• Improved treatment of neutropenic patients with antimicrobial agents and hematopoietic growth factors (G-CSF)
Case reports
  • 9 year old girl with leukocyte adhesion deficiency I (LAD I) who developed ecthyma gangrenosum treated with granulocyte transfusions (BMC Dermatol 2010;10:10)
  • 16 year old girl with severe aplastic anemia and invasive aspergillosis awaiting stem cell transplantation (Blood 2012;119:1353)
  • 35 year old woman with acute myeloid leukemia who developed TRALI after granulocyte transfusion (Transfusion 2003;43:1683)
Treatment
  • Infusion of allogeneic granulocytes in neutropenic patients follows the same approach as RBC and platelet transfusions but granulocytes are underused because of the challenges of collecting an adequate dose and the conflicting evidence for their clinical efficacy
  • Most published studies regarding efficacy of granulocyte transfusions are from case reports and case series
  • RING trial was designed to investigate the efficacy of granulocyte transfusions and it showed that there was no difference between the survival of patients receiving antimicrobial therapy and patients receiving antimicrobials and granulocyte transfusions; however, the study was underpowered due to low enrollment and a definitive conclusion could not be drawn
    • Post hoc secondary analysis suggested that patients who received higher doses have better outcomes than those who received a lower dose (Cytotherapy 2017;19:1256)
Videos

RBC sedimentation in granulocyte product

Sample assessment & plan
  • Assessment: 7 year old boy with severe aplastic anemia status post hematopoietic stem cell transplant (HSCT) with subsequent graft rejection / failure. He is now planned for second HSCT from a new donor and currently has febrile neutropenia with an ANC of < 200. He is diagnosed with fungal pneumonia based on radiology and identification of Aspergillus fumigatus in bronchoalveolar lavage. Despite broad spectrum antifungal treatment regimens, he remains febrile with rapid radiologic progression of peripheral right lower lung infiltrates on CT scan.
  • Plan: The patient is expected to undergo marrow reconstitution after a second HSCT as definitive therapy for severe aplastic anemia. Given the persistent febrile neutropenia and Aspergillus fungal pneumonia despite ongoing antifungal therapy, the use of granulocyte transfusions is warranted. The first granulocyte infusion will be available after approximately 4 - 7 days after donor recruitment with considerations given to HLA matching, CMV status and donor availability. Frequency and duration of granulocyte therapy will be determined by frequent reevaluation of the patient's clinical condition and will begin with 2 - 3 granulocyte transfusions/week during the neutropenic period
Board review style question #1
An 8 year old boy with acute lymphoblastic leukemia is admitted for induction chemotherapy. During his admission, he developed high grade fever (103.5 °F), hypoxia and hypotension. Workup showed blood culture positive for Pseudomonas aeruginosa susceptible to cefepime. After 3 days of antibiotic therapy, he continued to experience high grade fevers, positive serial blood cultures and acute kidney injury. His absolute neutrophil count is 0.2 x 103/μL. Other pertinent lab results are: blood type A positive with a negative antibody screen and anticytomegalovirus (anti-CMV) IgG and IgM are negative. The clinical care team consulted the transfusion medicine service to initiate a course of granulocyte transfusions. Which of the following products should be provided to the patient?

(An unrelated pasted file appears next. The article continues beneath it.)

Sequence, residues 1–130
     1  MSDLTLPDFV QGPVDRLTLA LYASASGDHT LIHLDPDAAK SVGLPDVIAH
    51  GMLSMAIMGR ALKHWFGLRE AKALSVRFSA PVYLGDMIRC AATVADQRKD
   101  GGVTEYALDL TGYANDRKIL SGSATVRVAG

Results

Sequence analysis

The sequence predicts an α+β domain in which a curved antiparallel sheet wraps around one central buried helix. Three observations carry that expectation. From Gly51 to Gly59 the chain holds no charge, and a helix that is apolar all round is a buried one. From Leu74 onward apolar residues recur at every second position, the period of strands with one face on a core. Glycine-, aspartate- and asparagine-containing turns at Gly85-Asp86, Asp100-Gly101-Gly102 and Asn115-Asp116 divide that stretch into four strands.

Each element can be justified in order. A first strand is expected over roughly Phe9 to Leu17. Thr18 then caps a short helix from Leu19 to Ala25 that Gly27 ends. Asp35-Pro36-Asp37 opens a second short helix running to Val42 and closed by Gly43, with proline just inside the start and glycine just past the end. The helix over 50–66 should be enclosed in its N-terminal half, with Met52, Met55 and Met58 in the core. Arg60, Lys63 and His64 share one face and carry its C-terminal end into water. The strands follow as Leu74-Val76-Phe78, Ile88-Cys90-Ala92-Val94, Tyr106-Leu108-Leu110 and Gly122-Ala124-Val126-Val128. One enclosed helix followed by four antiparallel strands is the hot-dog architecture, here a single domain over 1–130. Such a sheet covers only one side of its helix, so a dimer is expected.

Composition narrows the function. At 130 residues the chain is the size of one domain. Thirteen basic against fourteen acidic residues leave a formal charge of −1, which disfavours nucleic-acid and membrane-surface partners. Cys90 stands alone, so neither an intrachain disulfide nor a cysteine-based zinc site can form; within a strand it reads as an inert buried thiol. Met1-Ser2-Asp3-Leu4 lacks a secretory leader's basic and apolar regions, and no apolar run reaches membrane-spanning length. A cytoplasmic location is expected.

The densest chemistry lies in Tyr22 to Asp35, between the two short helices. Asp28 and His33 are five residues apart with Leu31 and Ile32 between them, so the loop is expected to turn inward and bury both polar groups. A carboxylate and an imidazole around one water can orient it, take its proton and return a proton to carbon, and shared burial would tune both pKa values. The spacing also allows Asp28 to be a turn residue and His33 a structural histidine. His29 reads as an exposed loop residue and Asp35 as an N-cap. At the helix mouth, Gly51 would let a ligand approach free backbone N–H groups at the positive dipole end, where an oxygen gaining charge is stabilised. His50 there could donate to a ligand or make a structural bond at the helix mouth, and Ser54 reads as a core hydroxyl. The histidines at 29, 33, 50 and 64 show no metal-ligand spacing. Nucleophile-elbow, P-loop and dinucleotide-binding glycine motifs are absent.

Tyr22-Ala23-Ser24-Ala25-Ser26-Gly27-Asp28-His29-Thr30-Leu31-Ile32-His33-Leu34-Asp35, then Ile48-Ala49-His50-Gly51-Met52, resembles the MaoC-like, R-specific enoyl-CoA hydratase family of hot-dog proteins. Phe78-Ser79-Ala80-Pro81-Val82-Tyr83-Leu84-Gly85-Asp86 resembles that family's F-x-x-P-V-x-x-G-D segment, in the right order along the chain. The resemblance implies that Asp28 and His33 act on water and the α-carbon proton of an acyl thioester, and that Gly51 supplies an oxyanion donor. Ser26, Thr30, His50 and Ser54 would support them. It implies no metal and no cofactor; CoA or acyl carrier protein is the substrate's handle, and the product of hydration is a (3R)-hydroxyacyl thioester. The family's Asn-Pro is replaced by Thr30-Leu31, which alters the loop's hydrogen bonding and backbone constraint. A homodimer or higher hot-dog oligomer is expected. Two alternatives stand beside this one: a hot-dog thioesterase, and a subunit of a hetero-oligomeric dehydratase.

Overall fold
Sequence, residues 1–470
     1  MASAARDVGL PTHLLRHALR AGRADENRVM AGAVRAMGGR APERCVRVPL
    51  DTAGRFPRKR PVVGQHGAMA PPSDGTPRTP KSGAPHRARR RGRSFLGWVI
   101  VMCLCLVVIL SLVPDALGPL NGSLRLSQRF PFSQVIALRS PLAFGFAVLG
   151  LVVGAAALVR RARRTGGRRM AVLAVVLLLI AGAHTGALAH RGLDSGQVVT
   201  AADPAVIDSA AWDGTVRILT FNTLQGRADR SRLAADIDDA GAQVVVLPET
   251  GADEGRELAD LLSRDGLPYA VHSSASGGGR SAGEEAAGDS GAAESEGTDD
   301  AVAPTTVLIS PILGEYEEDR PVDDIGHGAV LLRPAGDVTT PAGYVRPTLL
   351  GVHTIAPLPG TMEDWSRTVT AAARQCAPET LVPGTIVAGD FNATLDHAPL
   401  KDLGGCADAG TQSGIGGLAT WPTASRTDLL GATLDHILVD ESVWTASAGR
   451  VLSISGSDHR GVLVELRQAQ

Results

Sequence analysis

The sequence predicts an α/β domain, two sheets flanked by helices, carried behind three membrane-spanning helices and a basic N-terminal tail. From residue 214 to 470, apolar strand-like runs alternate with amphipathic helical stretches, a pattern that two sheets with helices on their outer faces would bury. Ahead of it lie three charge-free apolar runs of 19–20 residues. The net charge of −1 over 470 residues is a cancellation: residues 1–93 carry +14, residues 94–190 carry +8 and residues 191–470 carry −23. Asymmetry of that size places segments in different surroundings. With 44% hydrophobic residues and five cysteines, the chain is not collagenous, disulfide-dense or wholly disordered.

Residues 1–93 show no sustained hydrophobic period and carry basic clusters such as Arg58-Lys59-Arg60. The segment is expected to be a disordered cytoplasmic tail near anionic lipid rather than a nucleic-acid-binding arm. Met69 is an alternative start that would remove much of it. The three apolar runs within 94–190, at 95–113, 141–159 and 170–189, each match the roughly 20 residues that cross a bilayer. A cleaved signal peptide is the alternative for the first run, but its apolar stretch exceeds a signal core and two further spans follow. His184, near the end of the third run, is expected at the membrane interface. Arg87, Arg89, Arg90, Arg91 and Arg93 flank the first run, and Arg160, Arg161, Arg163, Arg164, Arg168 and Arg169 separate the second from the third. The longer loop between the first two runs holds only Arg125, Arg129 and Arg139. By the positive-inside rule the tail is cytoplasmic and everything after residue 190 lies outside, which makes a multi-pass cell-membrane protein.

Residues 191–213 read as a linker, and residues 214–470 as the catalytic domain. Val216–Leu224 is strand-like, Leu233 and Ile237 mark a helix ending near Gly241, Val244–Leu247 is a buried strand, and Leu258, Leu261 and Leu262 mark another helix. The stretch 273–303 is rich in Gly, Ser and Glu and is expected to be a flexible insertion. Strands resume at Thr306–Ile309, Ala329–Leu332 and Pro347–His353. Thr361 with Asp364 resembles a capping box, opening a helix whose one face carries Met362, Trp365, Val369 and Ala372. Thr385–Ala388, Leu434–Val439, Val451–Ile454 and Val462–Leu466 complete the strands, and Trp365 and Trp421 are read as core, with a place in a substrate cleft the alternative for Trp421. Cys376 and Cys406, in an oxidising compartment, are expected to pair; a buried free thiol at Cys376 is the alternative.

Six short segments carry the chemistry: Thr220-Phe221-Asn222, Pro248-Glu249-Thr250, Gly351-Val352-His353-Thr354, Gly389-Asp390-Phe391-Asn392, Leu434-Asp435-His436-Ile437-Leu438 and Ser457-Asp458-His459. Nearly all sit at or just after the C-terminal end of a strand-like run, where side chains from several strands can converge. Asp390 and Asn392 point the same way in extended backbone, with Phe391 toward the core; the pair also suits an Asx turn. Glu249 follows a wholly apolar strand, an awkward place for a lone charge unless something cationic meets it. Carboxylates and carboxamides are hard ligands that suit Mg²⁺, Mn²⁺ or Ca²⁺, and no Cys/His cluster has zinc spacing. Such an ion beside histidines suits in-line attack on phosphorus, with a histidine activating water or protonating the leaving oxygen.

1. ABO crossmatch compatible, irradiated, cytomegalovirus (CMV) seronegative granulocytes because the patient is CMV seronegative
  2. ABO crossmatch compatible, leukoreduced, irradiated, CMV seronegative granulocytes because the patient is CMV seronegative
  3. Irradiated granulocytes; no donor CMV testing is required because granulocytes are CMV safe
  4. Leukoreduced, irradiated, CMV seronegative granulocytes because the patient is CMV seronegative
  5. Leukoreduced, irradiated granulocytes; no donor CMV testing is required because granulocytes are CMV safe
Board review style answer #1
A. ABO crossmatch compatible, irradiated, cytomegalovirus (CMV) seronegative granulocytes because the patient is CMV seronegative. Granulocytes collected by leukapheresis contain 10 - 30 mL of red blood cells and must be crossmatch compatible to avoid hemolytic transfusion reactions. In instances when major ABO incompatibility exists, additional starch sedimentation can be performed to further decrease incompatible red blood cells. Irradiation must be performed because of lymphocytes in the product and the risk of transfusion associated graft versus host disease. It is apparent that leukoreduction cannot be performed in granulocyte products. The granulocyte product must be CMV matched with the recipient; therefore, a CMV seronegative product must be provided.

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Reference: Granulocyte use
Board review style question #2
What is true of granulocytes as a transfusion product?

  1. Can be stored after collection until infectious disease testing is reported
  2. Crossmatch is not necessary because it is released under emergent conditions
  3. Cytomegalovirus (CMV) status of the donor is not relevant because the product is irradiated
  4. Must be stored in a refrigerator to preserve phagocytic activity
  5. Must be stored without agitation with a maximum shelf life of 24 hours
Board review style answer #2
E. Must be stored without agitation with a maximum shelf life of 24 hours. Granulocytes are stored at room temperature (20 - 24 °C) without agitation. Infused granulocytes have a half life of 6 - 8 hours, must be infused under authorized medical exception and emergency release because infectious disease testing results are not available until 24 - 48 hours after collection. Because of the RBCs in granulocytes, the product must be crossmatched with the recipient's plasma. The only indication for irradiation is prevention of transfusion associated graft versus host disease (TA-GVHD), not CMV transmission. The granulocyte product must be CMV negative if the recipient is CMV negative due to the presence of lymphocytes in the product.

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Reference: Granulocyte use